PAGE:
Machining high precision turbine blades
- January 28, 2015
The complete machining of turbine blades requires striking a balance between powerful roughing and ultra-precise finishing, a task for which the modern five-axis turning-milling centers are ideal, when robust machine construction is combined with high-quality drive and control engineering.
Experience is the basis on which Hamuel Maschinenbau GmbH & Co. KG, Meeder, Germany, can offer a great deal: 85 years of machine tool manufacturing, 35 years of CNC machining, 25 years of five axis simultaneous machining and over 10 years in the construction of five axis turning-milling centres. CEO Dr. Markus Stanik knows that experience by itself cannot be any yardstick for the quality of machine tools, noting, "it certainly helps us, together with the right partner companies, to design and build the machines so that our customers can be successful in the marketplace." This machine builder and its many customers have developed correspondingly positive accomplishments together.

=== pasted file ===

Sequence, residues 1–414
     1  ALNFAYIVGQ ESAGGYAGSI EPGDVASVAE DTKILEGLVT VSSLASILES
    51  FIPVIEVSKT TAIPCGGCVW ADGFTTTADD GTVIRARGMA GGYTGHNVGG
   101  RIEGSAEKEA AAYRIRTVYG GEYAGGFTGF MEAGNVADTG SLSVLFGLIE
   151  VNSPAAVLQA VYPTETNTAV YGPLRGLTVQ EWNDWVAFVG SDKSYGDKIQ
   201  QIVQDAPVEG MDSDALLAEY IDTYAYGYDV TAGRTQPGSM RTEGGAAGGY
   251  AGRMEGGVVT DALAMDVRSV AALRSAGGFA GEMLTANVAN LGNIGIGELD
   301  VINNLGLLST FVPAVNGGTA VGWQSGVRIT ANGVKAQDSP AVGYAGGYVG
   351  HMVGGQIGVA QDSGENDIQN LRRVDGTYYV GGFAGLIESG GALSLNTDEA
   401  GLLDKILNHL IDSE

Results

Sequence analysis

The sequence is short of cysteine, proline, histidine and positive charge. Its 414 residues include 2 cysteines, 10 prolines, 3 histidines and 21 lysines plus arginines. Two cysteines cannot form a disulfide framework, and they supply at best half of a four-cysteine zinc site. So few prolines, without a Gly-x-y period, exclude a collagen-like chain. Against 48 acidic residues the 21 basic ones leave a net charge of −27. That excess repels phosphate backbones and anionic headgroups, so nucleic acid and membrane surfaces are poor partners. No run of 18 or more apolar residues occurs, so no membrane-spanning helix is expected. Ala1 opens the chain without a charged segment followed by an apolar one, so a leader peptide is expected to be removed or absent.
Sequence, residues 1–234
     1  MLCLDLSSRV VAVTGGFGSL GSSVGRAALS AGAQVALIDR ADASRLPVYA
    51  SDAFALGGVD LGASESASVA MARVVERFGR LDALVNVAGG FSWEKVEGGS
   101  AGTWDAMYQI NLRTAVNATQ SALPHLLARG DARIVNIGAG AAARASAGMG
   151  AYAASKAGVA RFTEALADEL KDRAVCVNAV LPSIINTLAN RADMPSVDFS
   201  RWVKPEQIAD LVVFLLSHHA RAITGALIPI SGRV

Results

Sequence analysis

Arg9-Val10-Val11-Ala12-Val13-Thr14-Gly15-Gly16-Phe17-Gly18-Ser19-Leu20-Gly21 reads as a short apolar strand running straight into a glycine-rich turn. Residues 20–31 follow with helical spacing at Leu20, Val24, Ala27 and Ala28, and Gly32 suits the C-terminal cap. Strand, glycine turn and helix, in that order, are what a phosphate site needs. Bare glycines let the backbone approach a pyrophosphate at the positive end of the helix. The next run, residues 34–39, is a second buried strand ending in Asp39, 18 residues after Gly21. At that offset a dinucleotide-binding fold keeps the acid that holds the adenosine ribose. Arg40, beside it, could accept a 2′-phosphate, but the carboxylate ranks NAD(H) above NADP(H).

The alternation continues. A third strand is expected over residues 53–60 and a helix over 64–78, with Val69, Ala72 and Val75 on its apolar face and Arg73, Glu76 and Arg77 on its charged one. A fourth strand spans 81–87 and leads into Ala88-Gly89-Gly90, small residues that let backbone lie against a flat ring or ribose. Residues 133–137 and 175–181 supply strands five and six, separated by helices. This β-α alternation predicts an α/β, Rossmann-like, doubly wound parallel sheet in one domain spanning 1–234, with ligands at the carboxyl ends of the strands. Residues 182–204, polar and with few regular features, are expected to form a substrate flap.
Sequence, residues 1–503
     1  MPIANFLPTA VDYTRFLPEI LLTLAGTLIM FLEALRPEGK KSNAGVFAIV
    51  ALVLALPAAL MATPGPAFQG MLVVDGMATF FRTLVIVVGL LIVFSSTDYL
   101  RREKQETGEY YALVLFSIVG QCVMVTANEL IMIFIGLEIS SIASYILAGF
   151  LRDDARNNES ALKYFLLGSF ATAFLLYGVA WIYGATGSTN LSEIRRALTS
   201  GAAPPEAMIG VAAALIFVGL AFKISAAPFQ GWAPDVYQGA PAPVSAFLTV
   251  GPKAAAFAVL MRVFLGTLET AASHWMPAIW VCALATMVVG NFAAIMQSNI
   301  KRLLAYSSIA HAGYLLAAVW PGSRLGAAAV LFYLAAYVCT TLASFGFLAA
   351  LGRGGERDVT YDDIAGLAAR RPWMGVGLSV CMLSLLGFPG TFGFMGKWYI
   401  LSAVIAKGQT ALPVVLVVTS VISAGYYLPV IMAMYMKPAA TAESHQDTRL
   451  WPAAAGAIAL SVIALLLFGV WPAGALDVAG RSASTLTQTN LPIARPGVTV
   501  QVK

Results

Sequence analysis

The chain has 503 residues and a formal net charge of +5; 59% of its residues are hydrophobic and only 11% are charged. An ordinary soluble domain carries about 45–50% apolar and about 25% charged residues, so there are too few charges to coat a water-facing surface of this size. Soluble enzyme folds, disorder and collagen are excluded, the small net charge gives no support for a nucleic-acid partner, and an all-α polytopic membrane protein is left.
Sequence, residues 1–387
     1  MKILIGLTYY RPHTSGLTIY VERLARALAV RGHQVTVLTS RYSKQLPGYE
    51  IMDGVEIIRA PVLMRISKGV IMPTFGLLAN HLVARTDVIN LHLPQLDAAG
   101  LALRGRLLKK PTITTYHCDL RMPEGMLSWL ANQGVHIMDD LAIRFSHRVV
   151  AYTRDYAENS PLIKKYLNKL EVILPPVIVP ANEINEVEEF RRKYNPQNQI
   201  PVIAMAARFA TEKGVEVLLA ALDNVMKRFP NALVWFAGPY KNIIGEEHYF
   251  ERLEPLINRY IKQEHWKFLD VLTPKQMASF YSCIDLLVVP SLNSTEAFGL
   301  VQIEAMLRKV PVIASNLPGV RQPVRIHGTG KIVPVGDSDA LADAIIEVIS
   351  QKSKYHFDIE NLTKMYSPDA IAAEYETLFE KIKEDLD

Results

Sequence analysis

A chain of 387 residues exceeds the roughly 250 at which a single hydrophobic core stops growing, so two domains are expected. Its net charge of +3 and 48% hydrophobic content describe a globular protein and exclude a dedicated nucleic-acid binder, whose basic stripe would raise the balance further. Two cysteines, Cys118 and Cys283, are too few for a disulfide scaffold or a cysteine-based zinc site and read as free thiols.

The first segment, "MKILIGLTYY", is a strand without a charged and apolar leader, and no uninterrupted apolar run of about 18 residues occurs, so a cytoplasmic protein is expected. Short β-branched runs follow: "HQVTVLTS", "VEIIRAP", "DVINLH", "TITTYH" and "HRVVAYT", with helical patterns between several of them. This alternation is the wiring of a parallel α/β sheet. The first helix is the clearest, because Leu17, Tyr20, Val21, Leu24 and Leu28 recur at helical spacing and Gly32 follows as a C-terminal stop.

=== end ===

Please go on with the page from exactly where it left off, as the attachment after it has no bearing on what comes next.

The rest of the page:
Today, Hamuel stands on three standards:
- ·The production of machine-tool components (such as axis units, machine bases and machine bodies)
- ·The development and construction of CNC-gantry milling machines
- The production of five-axis turning-milling centers
The latter, as evidenced by Hamuel's HSTM (high speed turning-milling) series, has been marketed since 1999 and makes a decisive contribution to the sales and success of the company. Leading turbine manufacturers from the aerospace and power-generating industries have been particularly impressed by the dynamic response, capability and precision of these machines.
Even the smallest faults are unacceptable on turbine blades